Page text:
• Place a coloring page on a vertical surface

Vertical Surface Activities for School Age Students when Writing, Drawing or Working on Projects

Having older kiddos stand at a vertical surface has continued benefits, as previously stated.  

They can also sit at a table and work on a vertical surface on a desk or table top.  Or, if the vertical surface is lower (like on a metal file cabinet) the students can sit cross legged or in a tall kneeling position.

The vertical surfaces are good for drafting, taking notes, or for practicing concepts.  If writing a final draft and neat writing is required, sitting in a chair with good posture is obviously necessary.  

When older students have to hold paper against a vertical surface, it improves the use of both arms and it greatly strengthens the muscles of the arms, especially the shoulder muscles.  Additionally, the vertical position of the paper makes it easier to see the work and focus on only the paper. 

  • Use a large chalkboard with chalk
  • Work with crayons, pencils or chalk on paper taped to the wall
  • Write on a large whiteboard with special dry-erase crayons
  • Use window crayons on a large window or glass door
  • Work on tabletop easels (such as this portable adjustable easel with storage)
  • Wipe large surfaces (use a dry cloth for more resistance or wash windows or surfaces)
  • Hold paper to a wall, door, window or other solid surface for writing
  • Tracing activities (trace shapes for math fact families)
  • Paint a picture
  • Highlight practice sheets
  • Draw diagrams, models or charts
  • Use therapy putty or playdoh at a wall; use a pen cap or plastic tool to write in it
  • Place manipulatives at a vertical surface (pegboard or game boards propped up vs. laying flat – when possible!)

Examples of Vertical Surface Activities for Spelling, Vocab, Language Arts, or Math

Adapt any of your lessons or worksheets so that the kids can complete learning activities at a vertical surface.  

Again, they can sit cross legged on the floor or work in a tall kneeling position at the vertical surface, depending on the height or the empty upright space available. 

  • Magnet letters or numbers on a dry erase board or metal cabinet
  • Sight words, vocab words or number cards with magnet tape on the back
  • Hanging pocket charts for math problems, spelling, sentence building, etc
  • Hang cards or letters on small hooks (complete problems, practice spelling)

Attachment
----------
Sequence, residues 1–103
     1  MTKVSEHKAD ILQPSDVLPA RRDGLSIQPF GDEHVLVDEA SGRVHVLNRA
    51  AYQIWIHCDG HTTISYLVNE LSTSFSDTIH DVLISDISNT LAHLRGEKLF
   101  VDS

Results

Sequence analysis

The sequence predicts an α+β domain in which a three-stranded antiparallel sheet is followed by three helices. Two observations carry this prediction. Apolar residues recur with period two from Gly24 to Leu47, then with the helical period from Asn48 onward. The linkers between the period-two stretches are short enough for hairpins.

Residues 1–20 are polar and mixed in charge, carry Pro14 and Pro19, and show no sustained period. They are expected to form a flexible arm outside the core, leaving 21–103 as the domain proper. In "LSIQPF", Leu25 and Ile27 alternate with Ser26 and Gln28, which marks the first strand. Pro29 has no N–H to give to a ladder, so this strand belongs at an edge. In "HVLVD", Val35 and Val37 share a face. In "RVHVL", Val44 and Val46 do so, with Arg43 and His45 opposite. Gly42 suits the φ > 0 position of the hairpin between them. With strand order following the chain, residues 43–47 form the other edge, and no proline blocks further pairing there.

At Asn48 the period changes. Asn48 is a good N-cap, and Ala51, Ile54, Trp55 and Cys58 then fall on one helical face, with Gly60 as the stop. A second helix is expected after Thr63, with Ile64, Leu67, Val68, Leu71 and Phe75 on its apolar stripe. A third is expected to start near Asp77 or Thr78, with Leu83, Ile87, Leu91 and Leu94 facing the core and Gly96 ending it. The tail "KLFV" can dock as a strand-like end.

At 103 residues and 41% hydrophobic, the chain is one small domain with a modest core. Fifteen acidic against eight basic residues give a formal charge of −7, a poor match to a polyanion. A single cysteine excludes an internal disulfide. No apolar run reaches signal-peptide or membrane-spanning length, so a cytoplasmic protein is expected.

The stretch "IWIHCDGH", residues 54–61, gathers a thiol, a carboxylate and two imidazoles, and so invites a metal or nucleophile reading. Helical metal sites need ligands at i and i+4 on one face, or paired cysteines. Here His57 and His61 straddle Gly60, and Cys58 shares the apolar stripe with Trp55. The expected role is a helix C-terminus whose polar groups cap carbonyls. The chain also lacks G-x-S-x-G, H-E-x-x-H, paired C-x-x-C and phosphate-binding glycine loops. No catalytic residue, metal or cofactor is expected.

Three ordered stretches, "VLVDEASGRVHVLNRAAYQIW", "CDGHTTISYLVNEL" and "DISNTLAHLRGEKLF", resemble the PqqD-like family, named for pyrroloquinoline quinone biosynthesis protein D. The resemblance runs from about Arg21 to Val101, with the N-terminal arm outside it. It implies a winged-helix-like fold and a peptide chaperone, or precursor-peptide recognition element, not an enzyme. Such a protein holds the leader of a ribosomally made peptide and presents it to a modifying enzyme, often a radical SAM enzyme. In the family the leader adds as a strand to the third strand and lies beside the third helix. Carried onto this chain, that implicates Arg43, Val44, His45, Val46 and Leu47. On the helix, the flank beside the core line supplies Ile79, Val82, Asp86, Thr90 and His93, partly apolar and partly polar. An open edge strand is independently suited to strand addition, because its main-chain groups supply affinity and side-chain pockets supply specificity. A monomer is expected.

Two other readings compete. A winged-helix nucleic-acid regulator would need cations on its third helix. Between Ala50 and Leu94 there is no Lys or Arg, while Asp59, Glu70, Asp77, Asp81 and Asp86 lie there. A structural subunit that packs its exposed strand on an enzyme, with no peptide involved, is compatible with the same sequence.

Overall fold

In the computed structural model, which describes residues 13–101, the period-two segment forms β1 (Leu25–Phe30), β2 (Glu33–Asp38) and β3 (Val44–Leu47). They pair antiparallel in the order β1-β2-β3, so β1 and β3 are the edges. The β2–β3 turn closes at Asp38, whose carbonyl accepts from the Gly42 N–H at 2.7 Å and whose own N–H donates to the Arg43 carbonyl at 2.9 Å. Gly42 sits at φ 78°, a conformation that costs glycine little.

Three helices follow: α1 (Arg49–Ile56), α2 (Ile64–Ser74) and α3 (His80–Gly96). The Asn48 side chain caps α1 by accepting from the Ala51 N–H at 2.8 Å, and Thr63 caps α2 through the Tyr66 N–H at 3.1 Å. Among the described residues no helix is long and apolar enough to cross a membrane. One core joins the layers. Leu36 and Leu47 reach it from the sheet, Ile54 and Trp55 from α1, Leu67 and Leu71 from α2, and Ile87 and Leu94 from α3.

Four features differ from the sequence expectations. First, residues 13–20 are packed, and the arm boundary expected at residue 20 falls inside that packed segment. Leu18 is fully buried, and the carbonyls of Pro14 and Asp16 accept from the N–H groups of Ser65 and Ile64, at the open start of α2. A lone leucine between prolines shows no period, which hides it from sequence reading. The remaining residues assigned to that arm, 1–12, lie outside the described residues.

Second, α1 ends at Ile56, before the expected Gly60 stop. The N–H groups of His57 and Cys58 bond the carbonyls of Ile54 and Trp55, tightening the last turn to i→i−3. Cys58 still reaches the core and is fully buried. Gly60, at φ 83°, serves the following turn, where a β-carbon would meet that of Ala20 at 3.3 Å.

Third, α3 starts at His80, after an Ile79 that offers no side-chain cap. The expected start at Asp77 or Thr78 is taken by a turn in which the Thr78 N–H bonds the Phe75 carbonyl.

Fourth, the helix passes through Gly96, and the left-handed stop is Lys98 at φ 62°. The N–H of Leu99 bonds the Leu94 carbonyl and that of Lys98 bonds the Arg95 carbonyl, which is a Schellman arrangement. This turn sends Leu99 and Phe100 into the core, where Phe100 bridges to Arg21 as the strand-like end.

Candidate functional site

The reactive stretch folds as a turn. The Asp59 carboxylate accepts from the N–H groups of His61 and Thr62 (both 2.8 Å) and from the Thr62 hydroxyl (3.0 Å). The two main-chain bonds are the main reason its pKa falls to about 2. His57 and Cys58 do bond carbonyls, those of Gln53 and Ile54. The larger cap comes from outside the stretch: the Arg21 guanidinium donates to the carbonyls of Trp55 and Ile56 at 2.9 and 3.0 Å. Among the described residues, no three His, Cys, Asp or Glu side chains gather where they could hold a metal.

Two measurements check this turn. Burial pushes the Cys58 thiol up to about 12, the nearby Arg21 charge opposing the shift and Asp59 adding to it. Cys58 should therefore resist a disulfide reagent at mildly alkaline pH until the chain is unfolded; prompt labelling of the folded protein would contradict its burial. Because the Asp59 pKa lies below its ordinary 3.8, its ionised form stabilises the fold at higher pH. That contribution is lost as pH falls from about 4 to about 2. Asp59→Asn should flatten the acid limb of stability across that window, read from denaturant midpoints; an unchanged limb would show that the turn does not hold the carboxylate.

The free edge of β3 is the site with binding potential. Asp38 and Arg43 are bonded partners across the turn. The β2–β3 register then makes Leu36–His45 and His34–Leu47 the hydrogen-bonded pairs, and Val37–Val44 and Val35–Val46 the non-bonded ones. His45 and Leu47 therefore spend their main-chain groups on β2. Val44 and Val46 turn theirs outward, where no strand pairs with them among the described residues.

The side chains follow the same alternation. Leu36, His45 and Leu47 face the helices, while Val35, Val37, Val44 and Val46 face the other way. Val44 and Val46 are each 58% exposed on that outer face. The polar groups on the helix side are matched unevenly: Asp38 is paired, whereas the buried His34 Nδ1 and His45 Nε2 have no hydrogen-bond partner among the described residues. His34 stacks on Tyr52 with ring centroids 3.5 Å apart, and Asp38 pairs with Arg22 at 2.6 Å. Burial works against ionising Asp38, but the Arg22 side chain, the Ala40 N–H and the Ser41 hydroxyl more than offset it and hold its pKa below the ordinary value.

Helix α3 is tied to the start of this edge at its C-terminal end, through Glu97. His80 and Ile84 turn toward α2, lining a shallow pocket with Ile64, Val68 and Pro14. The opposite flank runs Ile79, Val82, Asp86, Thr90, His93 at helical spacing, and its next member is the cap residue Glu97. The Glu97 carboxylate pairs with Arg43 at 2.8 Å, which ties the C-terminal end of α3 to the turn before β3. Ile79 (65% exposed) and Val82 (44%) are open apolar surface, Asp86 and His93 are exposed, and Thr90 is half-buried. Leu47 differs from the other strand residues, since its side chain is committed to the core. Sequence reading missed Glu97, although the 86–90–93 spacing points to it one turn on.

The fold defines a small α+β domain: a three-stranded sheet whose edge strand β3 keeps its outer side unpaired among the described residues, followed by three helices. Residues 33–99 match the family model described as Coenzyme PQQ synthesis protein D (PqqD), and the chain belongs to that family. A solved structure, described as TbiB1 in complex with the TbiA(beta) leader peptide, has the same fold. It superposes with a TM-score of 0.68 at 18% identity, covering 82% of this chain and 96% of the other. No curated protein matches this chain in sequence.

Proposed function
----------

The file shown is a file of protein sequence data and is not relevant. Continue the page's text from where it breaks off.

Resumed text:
• Using clothespins or clips to sequence a story (hang on a string or pocket chart)
  • Felt boards with letters, numbers or words
  • Velcro strips for word building
  • Magnetic words for sentence building stations 
  • Letter or number stamps on paper taped to the wall
  • Use plain stickers to write on (or letter or number stickers) 


I hope you find the value of this information and are inspired to change up the position of your children’s play and learning.  It’s a simple change to your daily routines and learning centers with many great benefits for kids!

The info in this post has been summarized into a few PDF documents for your reference.  (Vertical activities for school-age students, vertical activities for preschoolers, and prone and floor activities for all kids.)  

Click the button below and enter your email for your FREE PDF printable. (You may be asked to confirm your email before the printable is sent as an added layer of security.)

Editor’s Note: This post has been modified from its original content for a better reader experience.  For more info on prone position activities click this link.

Related Posts 

Correct Sitting Posture for Your Student 

40 Core Strength Exercises for Kids  

Flexible Seating for the Classroom or Home 

*Help me help more kids! If you know of anyone with babies, toddlers and preschoolers, share this post with them. This is such a simple way to adapt play and learning activities, and it has so many great benefits!

Share this post with educators and homeschooling parents who could benefit from this info.  And pin it on Pinterest so others can find it!

Check out This Classroom Exercise Program to Improve Core Stability, Attention & Focus, and More… (use SENSORY and sensory-motor strategies)

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Use these specific occupational therapy exercises to improve:

Attention… focus… core stability… crossing midline… sensory processing… visual development… & more… Click for more info!

School-Based OT

Amy Hathaway MOT, OTR/L, CIMI-2 is a licensed and registered occupational therapist.  She is the founder of Develop Learn Grow. 

Amy has 22 years of experience as a pediatric occupational therapist.   She enjoys collaborating with teachers, parents, therapists, administrators, and support staff in preschools & schools, as well as coaching and guiding parents of infants and toddlers in their homes.

She is married and has three children.  Click to read Amy’s bio.